If you had been to search a collection of stock photos for the words females and workout, you’d finish up staring at a lot of willowy young moms standing in tree pose and skinny aerobics instructors brandishing pastel-colored dumbbells. Earlier this year, even though, Facebook COO Sheryl Sandberg’s nonprofit LeanIn.Org foundation teamed with Getty Photos to produce a collection of pictures that portray females in a much more empowering light. The athletes it depicts have actual, visible muscle tissues, which they can be observed placing to use in images with such descriptions as “Woman pressing barbell overhead in CrossFit gym,” “Woman climbing rope in CrossFit gym,” and “Smiling group of friends working out in CrossFit gym.”
CrossFit—the higher-intensity exercise that, based on whom you ask, will either turn you into a superhuman or leave you in pieces—has clearly reached a tipping point as much more and much more females embrace its credo that, as a single officially branded T-shirt puts it, “strength is beautiful.” But stock photos are a single issue. The face—and body—of that emerging paradigm belongs to Annie Thorisdottir, a 24-year-old Iceland native and two-time CrossFit Games champion who, following becoming sidelined by an injury final year, is returning to competitors to attempt and reclaim her title as the fittest lady on Earth.
That final name translates as “Thor’s daughter,” and a single appear at her as she goes via her paces in front of a crowd of buff hipsters in a Brooklyn fitness center final spring tends to make the connection to the hammer-wielding Norse god clear: the extended, strawberry-blonde hair the ice-blue, almond-shaped eyes and the complexion glowing with rude overall health, not to mention broad shoulders, potent thighs, and take-no-prisoners abs. It is a physique constructed by (and for) hoisting barbells, flipping tractor tires, hauling sandbags, operating, rowing, and, yes, swinging hammers.
Thorisdottir is presently dominating, with relentless efficiency, in a ten-minute contest of presses, dead lifts, and box jumps, against the American Lindsey Valenzuela (who will go on to finish second at the 2013 Games). “CrossFit is about living a healthy life and finding new ways to challenge myself,” Thorisdottir says, dressed for battle in a white tank major, tiny red shorts, and striped knee socks. “How can I push myself to find out what my body’s capable of? Where can it take me?”
So far, it is helped make her (along with the 3-time men’s champion Wealthy Froning, a former firefighter from Tennessee) CrossFit’s initial true star, winning her endorsements from such brands as Reebok. The business has sent her about the planet as an ambassador, added “Annie” sneakers and T-shirts to its line of apparel, and introduced her to a wider audience in a Television spot that shows her going head-to-head in the fitness center with former NFL wide receiver Chad Johnson.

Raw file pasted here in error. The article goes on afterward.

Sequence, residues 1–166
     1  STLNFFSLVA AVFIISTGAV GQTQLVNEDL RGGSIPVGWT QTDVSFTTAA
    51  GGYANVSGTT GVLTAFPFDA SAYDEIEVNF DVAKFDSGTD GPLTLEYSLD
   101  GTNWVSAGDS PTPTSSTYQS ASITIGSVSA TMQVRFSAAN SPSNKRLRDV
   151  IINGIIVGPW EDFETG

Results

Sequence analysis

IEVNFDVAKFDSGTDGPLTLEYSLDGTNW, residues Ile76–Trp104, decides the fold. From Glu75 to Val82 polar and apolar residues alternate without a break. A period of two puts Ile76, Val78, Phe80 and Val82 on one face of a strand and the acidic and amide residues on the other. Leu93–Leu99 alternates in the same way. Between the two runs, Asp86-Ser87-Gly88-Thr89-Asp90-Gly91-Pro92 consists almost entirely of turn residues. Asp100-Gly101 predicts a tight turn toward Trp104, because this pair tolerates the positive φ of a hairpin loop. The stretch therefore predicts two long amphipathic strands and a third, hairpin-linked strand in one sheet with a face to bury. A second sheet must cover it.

The CrossFit recipe was initial cooked up in the mid-nineties in a smaller fitness center in Santa Cruz, California, exactly where an iconoclastic individual trainer named Greg Glassman tortured his consumers with medieval workouts that combined weightlifting, gymnastics, and calisthenics. From the commence, Glassman’s classes had been equally divided amongst males and women—a ratio that is held as CrossFit has exploded from a cultish regimen with a handful of affiliate gyms (identified as boxes) to a international phenomenon with much more than 9,000 boxes worldwide. Along the way, it is evolved into a competitive sport with an annual gladiatorial contest, the CrossFit Games, which presents $275,000 to its champions along with these fittest-on-the-planet titles.
Even though Thorisdottir now lives and trains in Reykjavík, she spent the initial six years of her life in Vík í Mýrdal, a tiny coastal village two-and-a-half-hours southeast of the capital, and she discovered how to navigate the planet on its Viking-like terrain. She continues to be drawn to the outdoors (when it is warm, she runs in the Esjan mountain variety, which broods more than Reykjavík from across the bay), especially to spots exactly where nature is at its most intense—Vík í Mýrdal’s wave-lashed black-sand beach, the breathtaking Gullfoss (Golden Falls). When the ice-capped volcano Eyjafjallajökull erupted in the spring of 2010, she and her loved ones produced a pilgrimage. “It’s insane how much power is in this earth, and you feel so close to it here,” she says. “It flows through you.”